Apart from brunching with Sherlock Holmes, here is what we did in the captivating town of Saarbrücken last year. We had to compose with the weather being capricious but fortunately, there is plenty to do inside and outside. As the city is relatively small, all sightseeing spots are easily reachable on foot, a big bonus! You can view more impressions of Saarbrücken on Of Lens And Pen.
St. Johanner Markt
As the sun was shining when we arrived, we headed to St. Johann Market Square for lunch. Being an early spring Saturday, the square was bustling and there were not many free tables to be found. There is however no shortage of restaurants and we soon settled on the terrace of an Irish pub. Lovely little shops are aplenty too.
Close to the square, this delightful narrow street was once the home of craftsmen and workers. Now rebuilt in the Baroque style, it offers a good choice of restaurants.
Realising that being the Easter weekend, Saturday would be our only opportunity for shopping, we paid the Europa-Galerie a visit. This shopping centre is located in a beautiful building that was once the headquarters of the Saar Mining Company.
This old bridge, built in 1546 by Charles V, connects the old Saarbrücken with St. Johann. It was destroyed during World War II and only 8 of the original 14 arches now remain.
Dating back to 1761, the Saar Crane reminds us of the trade past of Saarbrücken. It makes a great sight when strolling along the Saar.
Of Neo-Gothic style, St. John’s Church looks impressive as you arrive from the Old Bridge. Used nowadays as a meeting point for demonstrations and peace services, it is surrounded by charming gardens.
Basilica St. Johann
A masterpiece of Baroque style and the work of architect Friedrich Joachim Stengel, the Basilica is well worth a visit. The organ, built in three individual parts that can be played independently or together, is especially striking.
Another work of art from Stengel, Ludwig’s Church has a place of choice in the middle of Ludwigsplatz, surrounded by a palace and civil servants’ quarters. A perfect Baroque composition, visually stunning. Thanks to a painstaking restoration, one would never guess that it was completely demolished during WWII.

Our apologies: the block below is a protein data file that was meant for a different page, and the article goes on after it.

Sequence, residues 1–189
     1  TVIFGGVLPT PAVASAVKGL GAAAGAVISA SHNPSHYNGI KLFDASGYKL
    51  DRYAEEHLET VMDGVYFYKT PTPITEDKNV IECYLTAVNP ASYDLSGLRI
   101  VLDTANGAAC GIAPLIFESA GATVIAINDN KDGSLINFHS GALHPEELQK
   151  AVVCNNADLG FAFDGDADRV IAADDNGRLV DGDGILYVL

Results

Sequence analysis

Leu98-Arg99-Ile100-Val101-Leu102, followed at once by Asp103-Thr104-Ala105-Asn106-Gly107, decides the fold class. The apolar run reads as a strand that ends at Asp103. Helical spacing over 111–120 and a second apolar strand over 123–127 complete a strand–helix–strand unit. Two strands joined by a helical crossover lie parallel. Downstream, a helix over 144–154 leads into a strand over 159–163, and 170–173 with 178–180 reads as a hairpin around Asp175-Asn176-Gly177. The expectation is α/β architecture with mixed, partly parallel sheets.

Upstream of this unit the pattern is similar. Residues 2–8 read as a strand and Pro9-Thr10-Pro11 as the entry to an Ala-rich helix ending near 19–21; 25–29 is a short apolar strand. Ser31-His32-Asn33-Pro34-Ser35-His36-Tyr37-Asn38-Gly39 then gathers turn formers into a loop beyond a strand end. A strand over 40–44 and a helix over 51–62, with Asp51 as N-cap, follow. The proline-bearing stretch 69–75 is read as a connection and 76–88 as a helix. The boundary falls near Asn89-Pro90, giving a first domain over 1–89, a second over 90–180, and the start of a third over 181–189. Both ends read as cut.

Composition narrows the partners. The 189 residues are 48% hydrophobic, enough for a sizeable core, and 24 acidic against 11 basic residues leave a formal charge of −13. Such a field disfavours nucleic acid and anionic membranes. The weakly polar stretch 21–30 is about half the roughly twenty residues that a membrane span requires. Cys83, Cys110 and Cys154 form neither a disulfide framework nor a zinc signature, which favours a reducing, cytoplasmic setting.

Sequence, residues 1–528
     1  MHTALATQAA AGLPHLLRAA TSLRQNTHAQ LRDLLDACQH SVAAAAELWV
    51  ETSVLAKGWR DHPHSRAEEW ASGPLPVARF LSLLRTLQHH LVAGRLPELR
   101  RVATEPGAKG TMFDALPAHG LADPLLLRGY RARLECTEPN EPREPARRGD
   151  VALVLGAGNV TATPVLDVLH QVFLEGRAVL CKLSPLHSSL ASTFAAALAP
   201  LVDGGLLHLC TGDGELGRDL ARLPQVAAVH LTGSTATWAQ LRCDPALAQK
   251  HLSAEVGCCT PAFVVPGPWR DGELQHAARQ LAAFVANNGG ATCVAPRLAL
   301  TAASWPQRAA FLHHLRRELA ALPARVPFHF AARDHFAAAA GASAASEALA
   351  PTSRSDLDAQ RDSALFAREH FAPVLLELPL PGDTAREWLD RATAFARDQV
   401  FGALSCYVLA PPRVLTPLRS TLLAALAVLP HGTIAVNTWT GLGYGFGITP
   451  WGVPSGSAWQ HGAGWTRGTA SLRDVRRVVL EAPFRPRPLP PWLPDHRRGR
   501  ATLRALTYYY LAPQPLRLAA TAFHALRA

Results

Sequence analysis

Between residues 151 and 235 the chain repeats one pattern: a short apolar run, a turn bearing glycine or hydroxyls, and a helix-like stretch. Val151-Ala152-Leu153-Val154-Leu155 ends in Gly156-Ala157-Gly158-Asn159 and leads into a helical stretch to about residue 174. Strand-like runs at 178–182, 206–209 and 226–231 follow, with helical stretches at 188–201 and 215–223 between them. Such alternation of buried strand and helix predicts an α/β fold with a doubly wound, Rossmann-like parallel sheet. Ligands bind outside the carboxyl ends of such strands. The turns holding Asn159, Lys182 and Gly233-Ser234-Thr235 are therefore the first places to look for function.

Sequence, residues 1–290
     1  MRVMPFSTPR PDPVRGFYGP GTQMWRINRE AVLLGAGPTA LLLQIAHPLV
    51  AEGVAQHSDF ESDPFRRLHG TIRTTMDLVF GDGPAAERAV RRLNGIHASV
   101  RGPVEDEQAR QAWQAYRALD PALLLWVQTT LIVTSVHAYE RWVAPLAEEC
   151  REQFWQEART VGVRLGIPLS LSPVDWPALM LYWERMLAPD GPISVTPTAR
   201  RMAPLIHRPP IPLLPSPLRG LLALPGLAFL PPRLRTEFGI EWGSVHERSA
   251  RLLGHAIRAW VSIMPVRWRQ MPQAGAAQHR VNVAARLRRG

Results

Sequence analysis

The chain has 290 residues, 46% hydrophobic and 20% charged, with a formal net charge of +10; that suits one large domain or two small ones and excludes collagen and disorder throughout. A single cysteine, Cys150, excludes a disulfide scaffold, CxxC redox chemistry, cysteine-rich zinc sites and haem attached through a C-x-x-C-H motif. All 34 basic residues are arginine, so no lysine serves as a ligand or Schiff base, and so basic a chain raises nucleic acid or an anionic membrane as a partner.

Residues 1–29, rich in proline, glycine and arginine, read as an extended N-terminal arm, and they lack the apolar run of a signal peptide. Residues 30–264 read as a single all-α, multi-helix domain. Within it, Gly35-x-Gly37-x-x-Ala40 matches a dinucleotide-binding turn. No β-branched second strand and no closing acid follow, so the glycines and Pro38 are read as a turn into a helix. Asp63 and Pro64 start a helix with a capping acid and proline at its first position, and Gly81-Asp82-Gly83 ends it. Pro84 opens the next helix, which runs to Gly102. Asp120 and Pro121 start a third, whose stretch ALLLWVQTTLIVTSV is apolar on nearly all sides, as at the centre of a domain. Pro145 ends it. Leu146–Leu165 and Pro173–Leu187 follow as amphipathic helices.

Saarbrücken Schloss , Schlossplatz and Invisible Memorial Square
The Saarbrücken castle has been destroyed and rebuilt many times in different styles over the years. The last renovation was done in 1989, when a central part made of steel and glass was added by architect Gottfried Böhm. The Schloss is now an administrative centre and event venue.
The few cafés nearby offer a nice view on the paved Schlossplatz. It is the home of the Invisible Memorial Square, a project of tolerance and fight against racism conducted by students of the Art Academy in 1993. Over 2,000 flagstones were removed and engraved on the back with the names of Jewish cemeteries, before being laid down again.
Museum of Regional History and Saarbrücker Kasematten
Last but not least, under the castle is an interesting museum retracing 500 years of Saarland history and the amazing Kasematten. The remains of the original castle, you can still see a dungeon, fortifications, a shooting range and a ball game hall, all from different eras. Wandering underground in this magnificently lit maze, you certainly get an Indiana Jones feeling!
As you have probably guessed, we were quite taken with the interesting capital of the Saarland region and will definitely return, perhaps this time in summer to enjoy its laid-back atmosphere even more.